In this issue:
2. February Editorial: “Becoming a Pragmatic Idealist”
3. Preview: Next Month’s Editorial
4. Quote of the Month – Gelett Burgess
5. Hot Link of the Month
6. Want to Blog?
7. Click and Play of the Month
New Voice of Business
Earlier this month I attended a Thought Leader Gathering in San Francisco where Elliot Hoffman and Meredith Beam, co-founders of New Voice of Business explained the vision and purpose of this young organization. I was very impressed with their ambitions, strategy and philosophy. I joined as soon as I got home. Presently, they are a regional membership organization with plans to launch nationally this Spring. Four distinguishing characteristics stand out for me: 1. membership is free or you can pay, so there is no barrier to participation; 2. members are (those who define themselves as business people (companies cannot join); 3. members are invited to initiate, participate and lead; and 4. they will grow into a substantial body of influential, capable and visionary people – like hundreds of thousands! Join me. Join us!
The Ecologist Magazine Publishes Corporate Culture Change Article by John
A Systems View of Corporate Culture Change is being published in this month’s issue of the UK-based The Ecologist magazine; not yet available in the magazine’s online archives the link here is to John’s original unedited manuscript which was submitted.
Sedona Meeting of the “Wise Ones”
I just returned from Sedona where I was one of sis or seven people featured in the movie “In Search of the Future” who converged in the Arizona desert for a one-day talking circle plus a two-day retreat with others featured in the film; mathematician and Chaos Theory pioneer Ralph Abrahams and I were the white guys among a group of Native American shamans, Peruvian and Hawaiian elders, with influences from Mayan, Hopi and other indigenous cultures. Intriguing, stimulating and exciting dialogues, shared experience, party, song and dance. I came away with a new soul-sister and a new brother who happens to be a delightfully playful Yaqui Chief.
2. FEBRUARY EDITORIAL
At this time in the evolution of civilized society we could use some old-fashioned idealism to counteract the pandemic of cynicism spreading about the state of the world. Some avoid cynicism by basking in the glow of individualism, seemingly oblivious of the long-term outlook for the human family as they focus entirely on their own futures. Anyone looking out for the health and well-being of the human of tomorrow, and the environment they will inherit, may find cynicism a palliative attitude.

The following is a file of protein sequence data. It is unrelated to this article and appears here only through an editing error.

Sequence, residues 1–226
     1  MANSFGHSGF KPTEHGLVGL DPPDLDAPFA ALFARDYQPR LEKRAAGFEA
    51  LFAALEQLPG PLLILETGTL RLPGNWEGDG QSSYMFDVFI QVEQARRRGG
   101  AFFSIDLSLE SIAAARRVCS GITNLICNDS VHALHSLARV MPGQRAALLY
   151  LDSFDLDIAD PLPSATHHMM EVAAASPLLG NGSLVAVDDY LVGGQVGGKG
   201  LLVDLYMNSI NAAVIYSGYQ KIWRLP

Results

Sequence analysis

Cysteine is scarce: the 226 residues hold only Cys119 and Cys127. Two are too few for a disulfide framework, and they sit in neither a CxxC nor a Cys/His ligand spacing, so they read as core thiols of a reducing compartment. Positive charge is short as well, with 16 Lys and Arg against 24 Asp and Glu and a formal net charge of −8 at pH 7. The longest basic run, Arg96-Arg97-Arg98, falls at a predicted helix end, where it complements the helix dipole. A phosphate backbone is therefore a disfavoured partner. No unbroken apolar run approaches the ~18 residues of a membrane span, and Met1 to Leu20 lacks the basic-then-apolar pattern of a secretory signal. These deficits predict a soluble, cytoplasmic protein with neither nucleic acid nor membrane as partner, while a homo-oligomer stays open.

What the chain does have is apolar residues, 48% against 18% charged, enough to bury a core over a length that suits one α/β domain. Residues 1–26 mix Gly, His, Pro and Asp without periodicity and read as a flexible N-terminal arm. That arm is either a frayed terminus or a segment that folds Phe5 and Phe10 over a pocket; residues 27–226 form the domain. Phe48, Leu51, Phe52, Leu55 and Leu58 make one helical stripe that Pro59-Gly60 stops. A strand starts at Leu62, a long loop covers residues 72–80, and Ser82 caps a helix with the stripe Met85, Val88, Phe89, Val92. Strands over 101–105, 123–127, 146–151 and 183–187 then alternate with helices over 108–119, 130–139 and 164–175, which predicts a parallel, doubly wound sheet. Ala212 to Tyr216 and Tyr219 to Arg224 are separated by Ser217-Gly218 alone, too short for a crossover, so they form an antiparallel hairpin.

The type of idealism I’m calling for is not that pie-in-the-sky naiveté we often associate with immature idealism. The kind of idealism I’m calling for is very pragmatic. After all, what could be more pragmatic than making course corrections that will reverse the multiple negative trends which promise to seriously impact our species. Beyond survival, a strong dose of idealism could also bring about a transformation to a whole new way of being together in this world.
Lorenzo de Zavala (1789-1836),
Mexican colonizer and statesman
who was called “The Pragmatic Idealist”
in a 1996 biography by Margaret Swett Henson
Having my roots in business from the age of 18, and learning to survive some pretty threatening conditions as a child, pragmatism is hard-wired into my DNA. Until the mid-1980s I was steeped in balance sheets, business plans, strategic planning and other everyday business activities.
When I started having concerns about the future of humankind I did not leave my pragmatism behind. What could be more practical than ending the nuclear arms race which first prompted me to make a major career change in the early 1980s. It seemed so obvious the US and USSR were perpetuating ever expanding cycles of insanity and no one seemed to be doing anything to end it. While this insanity was the fatal flaw for the Soviets, and their empire unraveled, the fate of the American empire remains to be seen.